Per the headlines, the commander of U.S. forces in Afghanistan Gen. Austin “Scott” Miller was caught in the crossfire during Thursday’s insider attack on a high-level security meeting between the U.S., NATO and provincial officials in the Kandahar province. The attack resulted in two wounded Americans, including a service member and a civilian government employee, all of whom have been evacuated and remain in stable condition.
On the Afghan side, the attack was an assassination of a powerful local police chief by his own guard. A local Afghan intelligence chief was also killed and an Afghan governor critically injured in what is widely regarded as a “stable” (for Afghanistan) province, hence the location of the meetings.
According to a tweet from Kabul Tribune editor Mustafa Kazemi, Miller had just stood up to leave the meeting when a gunman dressed in an Afghan army uniform opened fire:
A source from Kandahar tells me the moment @ResoluteSupport commander Gen. Miller stood up to leave the meeting, the automatic fire spree started. He hadn't left the room nor taken a step yet when it began. He rolled behind a sofa & took cover. As narrated by a survivors.
— Mustafa Kazemi (@CombatJourno) October 18, 2018
Miller not only took cover but drew his personal weapon, although he did not fire it.
CNN reported that according to a military official, “It’s so rare for such a senior US military officer to be in a position that would require him to draw a weapon that US military officials said they could not immediately recall a similar case.”
Kazemi tweeted further updates Friday, noting that of those killed, former police chief of Kandahar, the late Gen. Abdul Raziq, 39, was posthumously promoted to the rank of Four Star General of the Police, and former intelligence director, Gen. Mohd Momin, was posthumously promoted to Lieutenant General.
Interestingly, state representation at the funeral of General Raziq, regarded as “the most powerful official in southern Afghanistan,” was conspicuously absent.
Yet, Afghanistan President Ashraf Ghani delayed voting in the province by a week, purportedly in accords with the will of the people as they mourn a celebrated local, creating an interesting juxtaposition of messaging when it comes to provincial and national-level politics, and where the Afghan people fit into it. Never mind the Taliban which has since claimed credit for killing “the notorious police chief,” though local media reported that the shooter was a member of the provincial governor’s security detail.
US Defense Secretary James Mattis called Raziq’s death “the loss of a patriot.”
We let the hero #GeneralRaziq rest in peace. There was no state minister, no national leaders, only friends,family & tens of 1000s supporters from across #Afghanistan. He deserved a state funeral! Our commander in chief has no respect for his brave men. pic.twitter.com/h0CX93IVu3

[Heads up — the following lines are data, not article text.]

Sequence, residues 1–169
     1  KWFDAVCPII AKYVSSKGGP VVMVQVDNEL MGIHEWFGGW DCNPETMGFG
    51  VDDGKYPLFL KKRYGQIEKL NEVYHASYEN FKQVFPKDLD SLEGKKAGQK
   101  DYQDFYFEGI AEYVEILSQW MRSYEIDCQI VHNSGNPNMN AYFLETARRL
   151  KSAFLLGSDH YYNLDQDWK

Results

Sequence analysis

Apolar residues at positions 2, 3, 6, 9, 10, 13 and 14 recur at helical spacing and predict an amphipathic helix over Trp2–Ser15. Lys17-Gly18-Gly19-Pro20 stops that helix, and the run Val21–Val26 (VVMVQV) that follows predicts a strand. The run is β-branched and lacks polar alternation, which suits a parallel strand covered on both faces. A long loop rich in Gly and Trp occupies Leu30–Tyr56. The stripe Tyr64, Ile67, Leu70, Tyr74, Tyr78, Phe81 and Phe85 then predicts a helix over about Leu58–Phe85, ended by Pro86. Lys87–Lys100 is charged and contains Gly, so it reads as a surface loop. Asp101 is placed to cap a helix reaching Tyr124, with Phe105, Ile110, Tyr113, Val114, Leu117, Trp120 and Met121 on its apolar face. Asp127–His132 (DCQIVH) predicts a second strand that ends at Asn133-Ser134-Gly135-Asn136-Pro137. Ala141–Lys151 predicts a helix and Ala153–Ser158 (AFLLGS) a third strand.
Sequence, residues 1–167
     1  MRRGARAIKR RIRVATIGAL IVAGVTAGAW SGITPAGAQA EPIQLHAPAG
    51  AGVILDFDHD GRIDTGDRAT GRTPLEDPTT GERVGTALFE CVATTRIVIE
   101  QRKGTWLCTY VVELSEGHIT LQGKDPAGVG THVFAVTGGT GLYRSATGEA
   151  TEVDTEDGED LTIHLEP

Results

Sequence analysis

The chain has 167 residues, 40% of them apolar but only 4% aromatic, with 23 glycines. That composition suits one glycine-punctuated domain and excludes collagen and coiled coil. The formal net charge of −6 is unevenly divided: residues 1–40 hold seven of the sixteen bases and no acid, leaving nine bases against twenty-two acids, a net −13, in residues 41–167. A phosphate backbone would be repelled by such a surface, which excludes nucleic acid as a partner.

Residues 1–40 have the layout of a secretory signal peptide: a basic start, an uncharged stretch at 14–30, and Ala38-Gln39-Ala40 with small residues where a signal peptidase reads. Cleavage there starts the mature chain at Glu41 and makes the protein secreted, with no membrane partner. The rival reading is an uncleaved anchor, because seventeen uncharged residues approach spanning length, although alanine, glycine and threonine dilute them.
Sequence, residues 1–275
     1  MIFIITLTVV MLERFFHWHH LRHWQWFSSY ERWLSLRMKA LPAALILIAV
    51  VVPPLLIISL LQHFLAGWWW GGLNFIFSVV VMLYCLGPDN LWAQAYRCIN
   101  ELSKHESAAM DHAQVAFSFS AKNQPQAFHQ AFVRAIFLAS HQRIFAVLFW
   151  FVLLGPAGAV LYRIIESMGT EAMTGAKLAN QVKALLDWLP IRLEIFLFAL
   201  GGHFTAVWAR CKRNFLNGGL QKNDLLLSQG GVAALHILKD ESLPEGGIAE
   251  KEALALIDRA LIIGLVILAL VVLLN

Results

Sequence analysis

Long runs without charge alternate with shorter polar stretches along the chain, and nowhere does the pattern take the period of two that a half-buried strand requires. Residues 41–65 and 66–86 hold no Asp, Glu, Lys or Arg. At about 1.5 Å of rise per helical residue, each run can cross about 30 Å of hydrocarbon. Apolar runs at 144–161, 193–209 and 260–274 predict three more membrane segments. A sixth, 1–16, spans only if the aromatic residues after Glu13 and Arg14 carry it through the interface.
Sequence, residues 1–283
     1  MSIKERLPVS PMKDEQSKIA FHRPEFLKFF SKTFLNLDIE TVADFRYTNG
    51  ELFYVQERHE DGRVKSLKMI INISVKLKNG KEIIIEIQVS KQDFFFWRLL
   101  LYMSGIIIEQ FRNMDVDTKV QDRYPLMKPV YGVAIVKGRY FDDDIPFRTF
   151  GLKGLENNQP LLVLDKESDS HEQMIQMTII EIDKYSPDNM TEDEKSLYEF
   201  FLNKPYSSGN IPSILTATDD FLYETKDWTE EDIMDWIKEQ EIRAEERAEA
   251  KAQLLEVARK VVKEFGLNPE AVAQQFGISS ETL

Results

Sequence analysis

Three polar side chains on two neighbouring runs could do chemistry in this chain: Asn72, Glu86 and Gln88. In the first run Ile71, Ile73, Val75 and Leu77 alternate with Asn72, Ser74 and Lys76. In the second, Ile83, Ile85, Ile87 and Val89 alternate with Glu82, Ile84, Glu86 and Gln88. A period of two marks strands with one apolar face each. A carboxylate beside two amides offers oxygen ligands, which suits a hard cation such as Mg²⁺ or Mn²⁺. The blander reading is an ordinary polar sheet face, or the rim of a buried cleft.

— Sami Sadat (@SayedSamiSadat) October 19, 2018
The Taliban referred to Raziq as a “brutal police chief” and are urging voters to boycott the poll, adding more complication to who did what and why. Was the voting delay an appeasement to the Taliban? Was the target Raziq or was he just a mid-range one with a farther one downrange, purposed to undermine the legitimacy of the secular Afghan government and its elections process?
The latter gets particular traction considering that women were on the ballot as well as secular-minded younger candidates whose election could make it more difficult for the Taliban to get the “negotiation” outcome it wants of having an Islamic-ruling government.
After all, the assassination attack comes in the wake of difficult, unenthusiastic and perhaps impossible negotiations between the United States, the Afghan government and the Taliban. The Taliban, which rejects the legitimacy of the Afghan government, has been rather dragged to the negotiation tables by the rise of the Islamic State into Afghanistan establishing a rivalry for popular support. An additional side effect of the Islamic State Khorasan (ISIS-K) is that the Taliban has moderated its demands for an “immediate” U.S. withdrawal if only because the U.S. presence (and coalition attacks targeting the local Islamic State affiliate) is helping stem the rise of their terrorist competition and related defections from their own group.
But, if the Islamic State in Afghanistan is less competitive – such as in the wake of the Aug. 26 coalition airstrike that killed its leader, Abu Saaed Erhabi – will the Taliban retrograde from its “moderate” pretenses? That question remains unanswered, at least for now. In the interim, the president of Afghanistan will be continuing his efforts to play them against each other, and from a rather precarious perch at that. More “mixed messages” like that of Raziq’s funeral attendance, or lack thereof, and indirect attacks on the electoral process via high-profile assassinations and ensuing delays and disruptions of the vote should surprise no one.